Here's another issue that may bubble up in controversy in years to come:
The law creates an independent payment advisory board (IPAB) to develop and submit to Congress a report on matters related to Medicare. In certain circumstances, the IPAB would have the authority, beginning in 2015, to make binding Medicare policy recommendations and non-binding private payer policy recommendations to Congress.
Jessee worries about the future IPAB and what it could portend for physician payments. He likens its potential clout to that of the Base Alignment and Closure Commission in the military, which has enormous power over military bases.
"Empowering an IPAB with authority to make binding Medicare policy recommendations based on expenditure inflicts physicians with additional expenditure constraints," he says. He describes it as "MedPac (Medicare Payment Advisory Commission) on steroids."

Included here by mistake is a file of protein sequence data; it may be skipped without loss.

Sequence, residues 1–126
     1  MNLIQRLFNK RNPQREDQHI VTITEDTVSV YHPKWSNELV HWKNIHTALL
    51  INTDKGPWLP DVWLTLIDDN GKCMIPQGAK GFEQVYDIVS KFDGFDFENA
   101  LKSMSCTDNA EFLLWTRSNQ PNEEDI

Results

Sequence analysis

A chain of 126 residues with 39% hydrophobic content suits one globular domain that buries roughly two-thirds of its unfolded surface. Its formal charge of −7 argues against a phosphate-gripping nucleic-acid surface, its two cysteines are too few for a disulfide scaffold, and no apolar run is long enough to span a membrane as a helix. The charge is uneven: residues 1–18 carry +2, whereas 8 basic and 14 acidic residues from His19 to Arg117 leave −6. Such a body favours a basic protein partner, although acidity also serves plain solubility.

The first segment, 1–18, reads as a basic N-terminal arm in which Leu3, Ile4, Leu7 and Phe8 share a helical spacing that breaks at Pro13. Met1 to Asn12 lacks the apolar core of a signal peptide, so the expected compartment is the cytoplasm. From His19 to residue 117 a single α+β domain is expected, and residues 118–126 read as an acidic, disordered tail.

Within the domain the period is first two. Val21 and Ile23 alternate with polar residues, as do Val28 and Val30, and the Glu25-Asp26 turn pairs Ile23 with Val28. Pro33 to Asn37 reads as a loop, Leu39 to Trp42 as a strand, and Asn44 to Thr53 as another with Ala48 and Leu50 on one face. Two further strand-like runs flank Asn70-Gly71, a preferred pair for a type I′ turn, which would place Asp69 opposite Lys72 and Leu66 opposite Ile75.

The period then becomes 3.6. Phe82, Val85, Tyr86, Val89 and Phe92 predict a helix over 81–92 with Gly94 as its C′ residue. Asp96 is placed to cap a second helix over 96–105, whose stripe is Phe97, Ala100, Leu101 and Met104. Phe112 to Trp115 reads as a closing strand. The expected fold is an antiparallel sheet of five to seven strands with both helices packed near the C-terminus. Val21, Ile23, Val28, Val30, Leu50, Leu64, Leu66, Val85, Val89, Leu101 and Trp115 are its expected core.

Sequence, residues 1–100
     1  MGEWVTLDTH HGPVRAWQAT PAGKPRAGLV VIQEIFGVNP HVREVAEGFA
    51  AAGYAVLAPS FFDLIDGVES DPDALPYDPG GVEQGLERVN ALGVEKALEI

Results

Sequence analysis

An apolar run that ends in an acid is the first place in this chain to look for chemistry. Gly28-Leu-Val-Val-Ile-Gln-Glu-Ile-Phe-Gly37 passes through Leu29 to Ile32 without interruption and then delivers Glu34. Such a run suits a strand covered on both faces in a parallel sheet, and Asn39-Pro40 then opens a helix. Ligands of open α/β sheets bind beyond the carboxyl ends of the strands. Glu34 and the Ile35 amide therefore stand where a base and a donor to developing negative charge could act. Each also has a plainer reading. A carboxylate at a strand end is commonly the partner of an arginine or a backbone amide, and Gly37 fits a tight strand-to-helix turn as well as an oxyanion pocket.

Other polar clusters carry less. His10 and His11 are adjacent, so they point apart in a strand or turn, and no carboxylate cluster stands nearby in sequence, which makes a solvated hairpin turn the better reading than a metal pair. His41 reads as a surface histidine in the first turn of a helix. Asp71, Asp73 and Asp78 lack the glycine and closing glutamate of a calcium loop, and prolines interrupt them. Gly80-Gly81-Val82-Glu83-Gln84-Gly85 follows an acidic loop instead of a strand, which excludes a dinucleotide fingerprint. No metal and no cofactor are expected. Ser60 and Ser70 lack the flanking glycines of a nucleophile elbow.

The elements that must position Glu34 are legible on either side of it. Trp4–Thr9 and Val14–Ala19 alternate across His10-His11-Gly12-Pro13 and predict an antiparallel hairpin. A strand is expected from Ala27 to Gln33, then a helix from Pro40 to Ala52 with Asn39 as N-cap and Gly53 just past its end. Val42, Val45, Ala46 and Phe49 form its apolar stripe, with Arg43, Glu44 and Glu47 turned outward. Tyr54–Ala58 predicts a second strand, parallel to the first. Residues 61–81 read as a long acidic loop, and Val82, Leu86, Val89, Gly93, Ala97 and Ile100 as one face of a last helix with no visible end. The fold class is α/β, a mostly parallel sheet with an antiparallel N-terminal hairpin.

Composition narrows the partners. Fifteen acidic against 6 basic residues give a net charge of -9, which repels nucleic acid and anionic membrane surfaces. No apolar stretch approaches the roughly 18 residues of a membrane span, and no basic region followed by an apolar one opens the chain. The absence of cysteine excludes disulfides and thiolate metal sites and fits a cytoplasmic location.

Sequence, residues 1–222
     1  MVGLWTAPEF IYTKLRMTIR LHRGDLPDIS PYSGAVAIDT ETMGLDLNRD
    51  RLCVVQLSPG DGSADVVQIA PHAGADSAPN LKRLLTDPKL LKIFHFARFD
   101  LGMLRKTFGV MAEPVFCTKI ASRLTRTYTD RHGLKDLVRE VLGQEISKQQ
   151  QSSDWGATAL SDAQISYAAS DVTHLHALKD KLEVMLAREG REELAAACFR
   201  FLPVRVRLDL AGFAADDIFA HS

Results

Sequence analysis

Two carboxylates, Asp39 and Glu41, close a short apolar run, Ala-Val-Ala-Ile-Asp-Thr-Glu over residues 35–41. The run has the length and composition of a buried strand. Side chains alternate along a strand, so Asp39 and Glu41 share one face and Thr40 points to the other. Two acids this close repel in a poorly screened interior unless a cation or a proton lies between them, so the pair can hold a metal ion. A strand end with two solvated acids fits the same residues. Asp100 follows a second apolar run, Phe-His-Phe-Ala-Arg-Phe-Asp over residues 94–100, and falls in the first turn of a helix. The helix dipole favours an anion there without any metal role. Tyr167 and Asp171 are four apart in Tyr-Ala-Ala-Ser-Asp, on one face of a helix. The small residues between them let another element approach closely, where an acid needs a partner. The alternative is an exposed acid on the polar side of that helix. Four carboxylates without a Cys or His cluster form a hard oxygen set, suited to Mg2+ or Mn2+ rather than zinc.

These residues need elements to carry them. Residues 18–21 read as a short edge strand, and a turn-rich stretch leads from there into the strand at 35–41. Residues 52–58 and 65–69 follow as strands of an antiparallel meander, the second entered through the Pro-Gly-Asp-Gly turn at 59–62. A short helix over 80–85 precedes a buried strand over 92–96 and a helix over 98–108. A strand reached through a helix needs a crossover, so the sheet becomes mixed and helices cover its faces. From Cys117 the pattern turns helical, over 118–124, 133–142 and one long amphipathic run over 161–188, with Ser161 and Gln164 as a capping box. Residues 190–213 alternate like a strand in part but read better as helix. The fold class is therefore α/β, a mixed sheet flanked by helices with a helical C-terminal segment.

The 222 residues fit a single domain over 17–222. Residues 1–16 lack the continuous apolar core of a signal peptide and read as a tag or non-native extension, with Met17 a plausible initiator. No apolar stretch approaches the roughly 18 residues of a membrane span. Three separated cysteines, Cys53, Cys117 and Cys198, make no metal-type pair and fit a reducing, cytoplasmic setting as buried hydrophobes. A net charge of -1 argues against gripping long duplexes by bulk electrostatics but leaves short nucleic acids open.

Whether Jessee is right on this remains to be scene. But it swirls around physician pay, and so I'll transition right now to the continual "doc fix" problems. This is No. 1 on Jessee's agenda, and a significant reason for his disappointment in the healthcare reform laws. For Jessee, it's the controversy that continues to exist although headlines have died for awhile, at least until the next time around Congress acts.
Here's the latest: a proposed 21 % pay cut was halted through May 31, 2010, and Congress is expected to take up legislation to extend the current payment rate until Oct. 1. The House and Senate have passed separate bills to achieve this extension, and negotiations are continuing about how it will be paid for.
"All the word on Capitol Hill is they intend to do something to repeal the SGR and fix the problem," Jessee says. "Quite frankly, we've heard that story before."
Just another day in the sausage factory.